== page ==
Urban Planning for Sustainability
Source: treehugger.com via Loren on Pinterest
There are many negative effects of urban sprawl, as cities expand to the suburbs. It eats up valuable and irreplaceable agricultural land. Residents are dependent on cars for jobs, school, shopping and recreation. A sense of community is lost. Single-family homes use more energy than apartment buildings, and they are larger, using more resources to build new. Suburbs tend to be economically and culturally homogenous.
To prevent these things from happening, planners need to keep their cities compact. High-density cities are more efficient in terms of energy, infrastructure, providing local services, creating community, nurturing diversity and leaving green space open. How can they do that?
Sustainable urban planning: use what we’ve got
Instead of building new, urban areas can be rejuvenated by developing brownfields and abandoned lots and buildings. Utility and road infrastructure is already in place, which saves money that can be invested elsewhere. Buildings should be multi-use commercial and residential within walking or short transit distance to jobs, schools and recreation. The close proximity creates community, which in turn offers a sense of identity and a feeling of safety.
Urban infill allows agricultural land outside the city to be preserved. Green space can be created and conserved for recreation, community and residents’ well-being.
Public transit strategy and urban planning
Effective public transportation is crucial for a high-density city to work well. Most residents of Manhattan don’t own cars, but they have easy access to culture, employment, recreation, shopping and education by getting on a bus, subway or train.
Public transportation hubs need to be developed so people can get off a train or bus, take care of their needs right there and head home. Planners need to make it easy for people to get around and take care of their day-to-day business, be it shopping, playing or working.
Walkable and bike-able neighborhoods help create community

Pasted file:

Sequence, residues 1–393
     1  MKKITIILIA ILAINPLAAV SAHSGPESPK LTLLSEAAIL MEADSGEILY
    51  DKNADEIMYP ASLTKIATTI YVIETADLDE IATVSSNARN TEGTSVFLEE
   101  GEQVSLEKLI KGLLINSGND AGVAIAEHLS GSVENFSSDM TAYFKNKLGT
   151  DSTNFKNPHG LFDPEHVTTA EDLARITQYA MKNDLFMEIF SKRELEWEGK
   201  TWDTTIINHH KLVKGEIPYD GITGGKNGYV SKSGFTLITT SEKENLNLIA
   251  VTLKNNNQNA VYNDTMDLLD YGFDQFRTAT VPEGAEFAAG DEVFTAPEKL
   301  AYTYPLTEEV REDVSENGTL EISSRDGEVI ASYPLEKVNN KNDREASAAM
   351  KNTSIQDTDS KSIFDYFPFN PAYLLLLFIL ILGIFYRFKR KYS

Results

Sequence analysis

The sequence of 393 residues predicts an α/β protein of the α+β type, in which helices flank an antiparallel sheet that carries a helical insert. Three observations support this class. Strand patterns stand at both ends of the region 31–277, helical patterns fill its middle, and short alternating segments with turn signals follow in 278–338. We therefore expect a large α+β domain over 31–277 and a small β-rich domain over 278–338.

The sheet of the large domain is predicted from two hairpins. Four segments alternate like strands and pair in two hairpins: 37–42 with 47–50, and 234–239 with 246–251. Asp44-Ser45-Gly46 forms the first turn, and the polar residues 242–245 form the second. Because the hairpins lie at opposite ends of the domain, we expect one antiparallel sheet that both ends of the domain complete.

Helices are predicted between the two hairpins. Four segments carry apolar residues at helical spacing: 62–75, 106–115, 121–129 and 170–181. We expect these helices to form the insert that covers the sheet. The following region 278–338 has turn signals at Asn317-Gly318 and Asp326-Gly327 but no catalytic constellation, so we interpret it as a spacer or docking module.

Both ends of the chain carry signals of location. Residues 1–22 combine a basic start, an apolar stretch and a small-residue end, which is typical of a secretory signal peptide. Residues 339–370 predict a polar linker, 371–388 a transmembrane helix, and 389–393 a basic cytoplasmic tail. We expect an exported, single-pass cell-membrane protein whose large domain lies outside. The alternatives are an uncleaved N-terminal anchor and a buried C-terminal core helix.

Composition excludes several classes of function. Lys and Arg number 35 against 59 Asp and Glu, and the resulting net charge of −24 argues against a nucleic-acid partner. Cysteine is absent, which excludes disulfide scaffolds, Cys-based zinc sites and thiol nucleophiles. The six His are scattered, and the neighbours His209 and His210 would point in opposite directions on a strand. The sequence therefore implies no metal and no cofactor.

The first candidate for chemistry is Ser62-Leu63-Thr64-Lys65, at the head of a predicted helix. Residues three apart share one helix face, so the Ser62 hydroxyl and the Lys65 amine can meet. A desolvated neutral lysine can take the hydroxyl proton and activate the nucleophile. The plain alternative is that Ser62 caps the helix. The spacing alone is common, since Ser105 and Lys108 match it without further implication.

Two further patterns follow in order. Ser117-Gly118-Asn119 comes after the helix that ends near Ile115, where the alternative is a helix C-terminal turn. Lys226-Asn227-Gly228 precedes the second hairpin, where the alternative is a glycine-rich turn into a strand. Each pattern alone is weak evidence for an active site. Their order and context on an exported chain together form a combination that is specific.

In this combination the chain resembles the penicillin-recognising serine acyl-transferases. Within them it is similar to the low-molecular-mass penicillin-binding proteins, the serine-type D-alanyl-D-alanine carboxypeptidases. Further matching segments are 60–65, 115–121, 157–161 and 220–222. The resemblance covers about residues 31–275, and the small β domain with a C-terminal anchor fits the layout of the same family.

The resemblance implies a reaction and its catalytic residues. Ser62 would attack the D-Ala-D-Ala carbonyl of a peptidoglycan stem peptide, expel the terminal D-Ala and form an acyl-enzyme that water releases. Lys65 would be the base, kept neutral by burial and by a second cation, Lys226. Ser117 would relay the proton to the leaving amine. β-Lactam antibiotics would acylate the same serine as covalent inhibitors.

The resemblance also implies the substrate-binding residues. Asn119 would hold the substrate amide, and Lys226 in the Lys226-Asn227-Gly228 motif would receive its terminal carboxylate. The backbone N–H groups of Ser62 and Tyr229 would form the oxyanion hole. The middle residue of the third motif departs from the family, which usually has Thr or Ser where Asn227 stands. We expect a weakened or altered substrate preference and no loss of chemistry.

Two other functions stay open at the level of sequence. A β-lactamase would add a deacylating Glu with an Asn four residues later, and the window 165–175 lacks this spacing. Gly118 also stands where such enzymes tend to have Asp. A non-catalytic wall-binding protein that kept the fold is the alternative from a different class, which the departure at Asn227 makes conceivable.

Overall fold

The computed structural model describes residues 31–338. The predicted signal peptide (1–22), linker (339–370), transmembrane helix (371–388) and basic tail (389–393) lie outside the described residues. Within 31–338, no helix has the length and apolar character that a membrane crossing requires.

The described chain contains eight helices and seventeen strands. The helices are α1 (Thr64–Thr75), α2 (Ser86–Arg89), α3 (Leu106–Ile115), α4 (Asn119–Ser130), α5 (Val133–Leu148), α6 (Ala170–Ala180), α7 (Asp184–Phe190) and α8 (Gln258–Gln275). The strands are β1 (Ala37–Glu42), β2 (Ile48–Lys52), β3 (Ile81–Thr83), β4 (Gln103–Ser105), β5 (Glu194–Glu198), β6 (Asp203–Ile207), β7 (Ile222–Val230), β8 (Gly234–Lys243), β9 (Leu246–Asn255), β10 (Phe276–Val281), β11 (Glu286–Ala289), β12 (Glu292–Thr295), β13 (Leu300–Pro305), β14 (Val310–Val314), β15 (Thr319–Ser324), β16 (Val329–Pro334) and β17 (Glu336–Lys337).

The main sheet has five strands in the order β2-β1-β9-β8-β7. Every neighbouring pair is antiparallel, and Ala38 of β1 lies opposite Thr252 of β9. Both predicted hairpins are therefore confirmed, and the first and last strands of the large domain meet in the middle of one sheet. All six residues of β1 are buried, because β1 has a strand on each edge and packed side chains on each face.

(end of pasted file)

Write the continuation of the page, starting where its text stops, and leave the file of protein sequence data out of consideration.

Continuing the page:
Besides public transportation, biking and walking paths make services more accessible to residents. They get more exercise, too, which improves their health. Walkability helps create a neighborhood, too. Many years ago, I sat at an outdoor pub in New York City on a summer afternoon. I noticed that the same people walked by over and over again, going here or there. It was a neighborhood! It was not a disjointed place of strangers running around. This needs to be encouraged in urban planning.
Walkability also saves infrastructure. The fewer cars going over roads and what lies beneath them means they will last longer. Money saved by any city is welcomed. Reinvesting it in public transportation or more walking and biking paths furthers the ROI of infrastructure.
Urban planning and the sustainable apartment building
Apartment buildings are more energy efficient than single-family homes. Sharing walls with other units cuts down on heat loss and heat infiltration, keeping heating and cooling bills low. Apartments are also generally smaller than a suburban home, again using less energy. High-density housing is an integral part of a compact city.
All public services work more efficiently when more people are using them. There are equations for the appropriate number of people per acre for, say, a sewage system to work well, but I won’t get into that here. The costs of building, running, maintaining and expanding services can be spread out over more people, making it more economically efficient.
Compact cities are win/win
The city is becoming the most eco-friendly place to live. Some folks think ‘high-density’ means crowding, filth and crime, but it’s a revitalization of urban centers to bring people together. It is also a way to cut back on new building and new infrastructure, saving resources and municipal monies.
Compact cities seem like a win/win to me!